OPEC Pact Seen Delayed; Early November Meeting Possible

Dow Jones Newswires

LONDON Oct 13, 2006 (Dow Jones Newswires)

A public holiday in Saudi Arabia until around Oct. 23 is likely to stall any decision on an oil-production cut by the Organization of Petroleum Exporting Countries, with an emergency meeting possible by early November, officials told Dow Jones Newswires Friday.

Wrangles over how to share the burden of lowering production continue to dog members, officials and top delegates indicated.

Ministers have agreed on the need to cut the group's oil output to stem sharply-declining oil prices, but are debating by telephone and fax how to do it.

Confusing chatter from ministers and their aides in recent days has fueled skepticism by market participants over their ability to deliver meaningful cuts. Saudi Arabia, it seems, hasn't eased back on its November oil commitments to major customers.

An official at the group's Vienna headquarters noted Saudi Arabia, the group's de facto leader, is now in a holiday period in the run-up to the Eid al-Fitr festival at the end of Ramadan, due Oct. 22 or 23.

An OPEC governor said Friday that talks "are likely to go back and forth with no concrete decision until after Eid."

A formal pact appears unlikely until 10 of the group's members have resolved their differences over whether to cut 1 million barrels a day of production from their output ceiling of 28 million barrels a day or from their actual output of around 27.6 million b/d.

The governor said countries pumping crude significantly above their assigned quota were arguing for a lower ceiling. Algeria, Libya and Qatar were facing off against others in the group who would prefer cuts to come from actual output.

The thinking here is, as an example, that at 1.35 million b/d Algeria is producing 50% more crude that its quota allows, so it may have more to lose were it to agree to a cut in actual output rather than to its long-ignored quotas.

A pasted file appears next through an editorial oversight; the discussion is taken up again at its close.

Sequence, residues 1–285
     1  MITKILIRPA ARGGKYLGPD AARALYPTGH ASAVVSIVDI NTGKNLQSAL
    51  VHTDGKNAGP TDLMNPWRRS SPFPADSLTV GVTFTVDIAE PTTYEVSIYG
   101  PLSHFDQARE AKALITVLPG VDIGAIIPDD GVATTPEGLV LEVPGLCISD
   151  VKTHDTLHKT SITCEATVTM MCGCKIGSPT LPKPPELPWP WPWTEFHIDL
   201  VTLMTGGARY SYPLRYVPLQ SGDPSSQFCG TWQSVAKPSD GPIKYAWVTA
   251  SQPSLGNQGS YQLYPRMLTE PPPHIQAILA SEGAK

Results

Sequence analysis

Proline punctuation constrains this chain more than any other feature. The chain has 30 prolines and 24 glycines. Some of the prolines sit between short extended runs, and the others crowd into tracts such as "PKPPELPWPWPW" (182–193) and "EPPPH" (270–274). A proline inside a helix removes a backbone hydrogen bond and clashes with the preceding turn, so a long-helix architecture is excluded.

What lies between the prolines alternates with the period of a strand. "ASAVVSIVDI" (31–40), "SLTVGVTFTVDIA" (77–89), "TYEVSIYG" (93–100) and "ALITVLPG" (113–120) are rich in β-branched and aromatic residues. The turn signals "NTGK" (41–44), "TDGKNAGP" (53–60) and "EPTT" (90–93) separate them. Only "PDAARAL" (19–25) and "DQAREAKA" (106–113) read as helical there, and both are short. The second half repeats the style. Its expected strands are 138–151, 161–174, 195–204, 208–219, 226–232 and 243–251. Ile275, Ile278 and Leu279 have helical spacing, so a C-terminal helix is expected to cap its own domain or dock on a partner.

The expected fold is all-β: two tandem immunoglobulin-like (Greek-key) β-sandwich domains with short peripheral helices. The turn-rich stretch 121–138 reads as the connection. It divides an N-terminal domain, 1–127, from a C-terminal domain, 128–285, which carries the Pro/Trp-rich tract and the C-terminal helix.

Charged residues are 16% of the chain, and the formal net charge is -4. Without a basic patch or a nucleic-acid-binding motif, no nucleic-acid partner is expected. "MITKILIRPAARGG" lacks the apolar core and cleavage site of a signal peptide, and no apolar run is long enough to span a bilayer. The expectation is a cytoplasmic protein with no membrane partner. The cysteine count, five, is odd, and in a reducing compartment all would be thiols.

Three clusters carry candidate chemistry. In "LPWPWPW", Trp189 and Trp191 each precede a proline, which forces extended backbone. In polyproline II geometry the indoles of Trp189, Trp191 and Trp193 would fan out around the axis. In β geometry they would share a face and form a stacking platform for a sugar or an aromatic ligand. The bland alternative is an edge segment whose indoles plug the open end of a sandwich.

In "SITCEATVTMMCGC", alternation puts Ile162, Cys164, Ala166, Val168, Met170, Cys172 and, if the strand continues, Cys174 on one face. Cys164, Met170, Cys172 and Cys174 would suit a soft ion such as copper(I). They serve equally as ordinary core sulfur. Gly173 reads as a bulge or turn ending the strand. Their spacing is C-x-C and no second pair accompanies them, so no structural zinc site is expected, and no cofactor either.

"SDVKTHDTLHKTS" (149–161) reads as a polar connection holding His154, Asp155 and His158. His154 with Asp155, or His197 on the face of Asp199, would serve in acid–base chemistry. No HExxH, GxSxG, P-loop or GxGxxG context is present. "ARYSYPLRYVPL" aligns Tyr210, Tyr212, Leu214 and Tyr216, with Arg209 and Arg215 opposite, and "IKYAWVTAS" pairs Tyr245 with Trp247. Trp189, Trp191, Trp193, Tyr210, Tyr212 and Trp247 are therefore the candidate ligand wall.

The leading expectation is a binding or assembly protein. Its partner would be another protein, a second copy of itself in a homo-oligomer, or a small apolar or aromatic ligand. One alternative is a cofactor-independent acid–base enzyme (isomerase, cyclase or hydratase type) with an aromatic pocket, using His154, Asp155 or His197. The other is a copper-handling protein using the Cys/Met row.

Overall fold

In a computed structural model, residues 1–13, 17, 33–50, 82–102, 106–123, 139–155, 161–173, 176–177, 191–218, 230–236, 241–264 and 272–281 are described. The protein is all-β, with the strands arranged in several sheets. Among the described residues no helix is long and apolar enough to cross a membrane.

The governor didn't rule out the group meeting by early November and expected further near-term weakening in global oil prices due to the lack of concrete decisions from OPEC. Prices, he added, were likely to rebound.

A senior OPEC delegate conceded Friday that some in the group were attempting to talk prices higher, a tactic that has apparently failed given the 10-month low hit early Thursday.

U.S. light, sweet crude futures Thursday sunk to $57.22 a barrel, down more than a quarter from a record high in mid-July of $78.40/bbl. Early Friday they had recovered to $58.80/bbl.

Weakening demand among developed industrialized countries, swelling crude and product stockpiles and a quiet hurricane season in the hydrocarbon-rich U.S. Gulf of Mexico have depressed oil prices.

The delegate said he believed some OPEC members, including Saudi Arabia, are easing back a touch on output already or are offering less desirable heavier crude grades, perhaps from inventories.

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